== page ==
RE: We practice modern and contemporary architecture. Having the privilege and opportunity to build something new in San Francisco doesn’t come along often, so it was really important to us to do something that fit into the neighborhood but was still of our time. There are certain kinds of precedent typologies that you might find in Victorian houses. So, for example, we have a front stoop. We have a slope roof to fit the neighborhood, so there are textured views from other houses. But as Vivian said, we really had to optimize the interior, and that had to do with eliminating redundant spaces. You really feel the space in the house, and this maximizes the enjoyment.
AXOR: How does the Switchback House reflect Compact Luxury principles?
RE: The thing about our home is that it’s very open. The spaces flow, and that allows a kind of compact architecture to feel much more expansive. And we have access to the outdoors, which, in American cities, seems like a bit of a luxury. At every level of our home, there’s an outdoor deck with big, long doors that you can open when the weather’s nice.
VL: And I think the idea of the ‘domestic spa’ was important. If you view your home as a sanctuary, every opportunity should be taken to emphasize those values. So with a modest budget, how can you push the idea of luxury in a way that is unique? We didn’t need to put Italian marble into a bathroom to make it feel luxurious. We continued the wooden floor into the dry area of the bathroom, which is something the US market is very averse to. When the bathroom doors are open, it’s a continuation of the bedroom experience, using the same material. And I have no problem looking at my beautiful sink with the AXOR faucets when I wake up in the morning. It’s one continuous visual experience.
RE: Every bathroom has a slightly different character, but there are some common threads. For example, AXOR faucets in all the bathrooms.
AXOR: How did your choice of AXOR contribute to the overall experience what you were trying to create?
RE: Using AXOR products reflected our qualitative values, which I mentioned earlier. Plumbing, fixtures and faucets – these are things we interact with daily, all the time. They’re something that we touch, feel. You know, it affects our wellness. It affects our health. And these qualitative things were really important to us. So, for example, we’ve always been attracted to the AXOR Uno faucet. It is just so clean and pure. It’s a perfect reflection of just a faucet – nothing less, nothing more. It’s just a perfect thing. But in terms of the idea of luxury and things that go beyond that, whether we call it flow or embellishment or whatever, we were interested in other AXOR lines as well. Throughout the home, we’ve used AXOR Urquiola towel bars, which have a little bit more personality beyond the strictly minimalist aspect. So within the home, you’ll see AXOR Uno, some AXOR Urquiola, some AXOR Starck, but they all go together cohesively.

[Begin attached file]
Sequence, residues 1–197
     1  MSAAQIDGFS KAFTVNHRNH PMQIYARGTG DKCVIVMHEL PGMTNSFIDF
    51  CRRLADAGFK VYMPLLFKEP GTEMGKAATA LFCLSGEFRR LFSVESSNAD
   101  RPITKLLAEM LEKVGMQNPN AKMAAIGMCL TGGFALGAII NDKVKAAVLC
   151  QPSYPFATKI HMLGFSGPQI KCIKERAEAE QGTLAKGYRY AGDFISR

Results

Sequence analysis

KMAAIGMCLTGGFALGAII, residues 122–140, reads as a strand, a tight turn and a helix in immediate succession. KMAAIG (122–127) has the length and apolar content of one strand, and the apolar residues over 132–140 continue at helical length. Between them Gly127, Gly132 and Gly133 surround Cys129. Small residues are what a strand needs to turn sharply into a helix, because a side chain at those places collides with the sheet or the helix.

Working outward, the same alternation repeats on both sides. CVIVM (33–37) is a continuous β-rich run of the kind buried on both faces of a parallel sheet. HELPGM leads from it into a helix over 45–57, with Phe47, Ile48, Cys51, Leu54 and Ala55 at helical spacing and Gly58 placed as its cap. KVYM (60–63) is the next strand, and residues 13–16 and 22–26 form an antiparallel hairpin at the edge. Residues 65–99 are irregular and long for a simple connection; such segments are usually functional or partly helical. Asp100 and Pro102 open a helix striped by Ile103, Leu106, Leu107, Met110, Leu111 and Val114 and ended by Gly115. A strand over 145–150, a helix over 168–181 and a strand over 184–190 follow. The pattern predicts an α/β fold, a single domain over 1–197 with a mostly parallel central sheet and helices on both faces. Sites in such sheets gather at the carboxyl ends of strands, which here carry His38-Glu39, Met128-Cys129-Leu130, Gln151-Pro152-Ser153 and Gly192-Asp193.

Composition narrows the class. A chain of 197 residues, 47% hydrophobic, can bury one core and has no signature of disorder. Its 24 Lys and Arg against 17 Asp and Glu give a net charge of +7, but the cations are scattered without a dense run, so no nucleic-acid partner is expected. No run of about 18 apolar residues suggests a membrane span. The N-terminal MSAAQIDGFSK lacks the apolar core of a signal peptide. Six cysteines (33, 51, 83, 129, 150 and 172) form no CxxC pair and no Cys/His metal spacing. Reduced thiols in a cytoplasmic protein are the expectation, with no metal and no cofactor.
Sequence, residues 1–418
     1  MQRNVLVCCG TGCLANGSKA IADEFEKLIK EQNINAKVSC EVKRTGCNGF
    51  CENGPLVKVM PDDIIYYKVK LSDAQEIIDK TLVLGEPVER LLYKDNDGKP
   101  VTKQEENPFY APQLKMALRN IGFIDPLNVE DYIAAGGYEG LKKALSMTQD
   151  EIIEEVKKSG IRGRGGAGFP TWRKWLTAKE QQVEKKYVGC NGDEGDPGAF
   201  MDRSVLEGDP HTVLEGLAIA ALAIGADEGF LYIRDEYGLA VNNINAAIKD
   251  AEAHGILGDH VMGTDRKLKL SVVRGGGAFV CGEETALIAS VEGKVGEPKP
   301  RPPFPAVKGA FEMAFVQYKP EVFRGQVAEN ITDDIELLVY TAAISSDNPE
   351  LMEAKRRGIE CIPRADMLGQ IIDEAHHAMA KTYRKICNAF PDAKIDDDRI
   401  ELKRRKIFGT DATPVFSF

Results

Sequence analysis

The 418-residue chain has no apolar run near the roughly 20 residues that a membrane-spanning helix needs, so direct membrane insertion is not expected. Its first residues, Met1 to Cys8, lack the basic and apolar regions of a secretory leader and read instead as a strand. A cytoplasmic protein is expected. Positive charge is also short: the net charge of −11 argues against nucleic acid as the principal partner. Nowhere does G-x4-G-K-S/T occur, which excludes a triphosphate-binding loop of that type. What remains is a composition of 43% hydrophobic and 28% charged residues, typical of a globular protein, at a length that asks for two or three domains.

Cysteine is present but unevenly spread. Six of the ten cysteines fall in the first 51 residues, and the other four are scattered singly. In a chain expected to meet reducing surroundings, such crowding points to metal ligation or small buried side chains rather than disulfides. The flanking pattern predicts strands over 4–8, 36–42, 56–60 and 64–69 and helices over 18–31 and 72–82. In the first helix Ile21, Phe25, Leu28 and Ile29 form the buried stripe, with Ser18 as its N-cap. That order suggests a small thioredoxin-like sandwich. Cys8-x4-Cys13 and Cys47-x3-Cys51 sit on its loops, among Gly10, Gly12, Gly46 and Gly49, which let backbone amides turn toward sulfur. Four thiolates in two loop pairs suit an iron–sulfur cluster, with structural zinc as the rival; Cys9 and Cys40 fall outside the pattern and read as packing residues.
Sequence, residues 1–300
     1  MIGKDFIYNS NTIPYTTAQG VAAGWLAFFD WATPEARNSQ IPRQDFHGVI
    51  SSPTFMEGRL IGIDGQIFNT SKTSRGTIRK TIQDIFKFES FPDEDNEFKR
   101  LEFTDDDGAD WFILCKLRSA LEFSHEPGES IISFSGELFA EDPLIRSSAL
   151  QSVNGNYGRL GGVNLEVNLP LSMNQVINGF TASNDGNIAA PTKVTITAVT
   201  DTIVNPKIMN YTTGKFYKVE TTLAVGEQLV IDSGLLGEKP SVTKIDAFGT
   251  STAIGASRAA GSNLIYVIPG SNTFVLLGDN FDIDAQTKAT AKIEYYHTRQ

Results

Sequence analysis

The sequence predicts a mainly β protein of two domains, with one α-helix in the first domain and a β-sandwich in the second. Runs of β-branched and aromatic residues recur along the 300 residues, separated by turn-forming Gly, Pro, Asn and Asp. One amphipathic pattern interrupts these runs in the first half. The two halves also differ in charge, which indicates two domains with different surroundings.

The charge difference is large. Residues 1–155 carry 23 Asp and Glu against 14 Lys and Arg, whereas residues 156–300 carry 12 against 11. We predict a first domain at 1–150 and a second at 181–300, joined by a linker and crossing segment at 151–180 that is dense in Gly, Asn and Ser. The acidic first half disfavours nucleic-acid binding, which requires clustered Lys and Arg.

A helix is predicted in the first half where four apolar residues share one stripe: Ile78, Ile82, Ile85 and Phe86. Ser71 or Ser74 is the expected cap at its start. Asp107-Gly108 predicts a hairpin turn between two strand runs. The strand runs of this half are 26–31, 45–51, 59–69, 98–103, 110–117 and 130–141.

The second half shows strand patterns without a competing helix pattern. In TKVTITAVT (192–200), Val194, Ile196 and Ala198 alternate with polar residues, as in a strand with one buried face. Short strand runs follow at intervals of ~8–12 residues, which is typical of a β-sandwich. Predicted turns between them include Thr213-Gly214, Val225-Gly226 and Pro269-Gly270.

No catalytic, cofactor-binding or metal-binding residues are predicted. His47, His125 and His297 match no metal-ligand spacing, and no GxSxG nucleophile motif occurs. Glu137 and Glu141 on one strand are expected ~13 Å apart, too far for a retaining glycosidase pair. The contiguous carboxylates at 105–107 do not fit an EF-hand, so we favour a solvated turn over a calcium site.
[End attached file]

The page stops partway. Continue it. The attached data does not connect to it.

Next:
VL: If I had another tub, I would use AXOR Massaud – that beautiful waterfall.
AXOR: What is luxury for you?
VL: On the work front, it’s the freedom to design, to try out new ideas. As I always say to our developer clients especially, it’s not the challenging budget that frightens me. But you have to allow me the freedom to design around that budget.
RE: And luxury for me has to do with health and the qualitative aspects to living. If I had to characterize it in a series of words, I would say freedom, flexibility, openness. I think these are luxuries we too often take for granted. But as we realized over the course of this past year, What are the important things in life? And I’m constantly reminding myself that most of the world does not live in architect-designed homes, and being able to do what we do and make spaces for people to live in, which is really the most intimate type of space, that in and of itself is a luxury.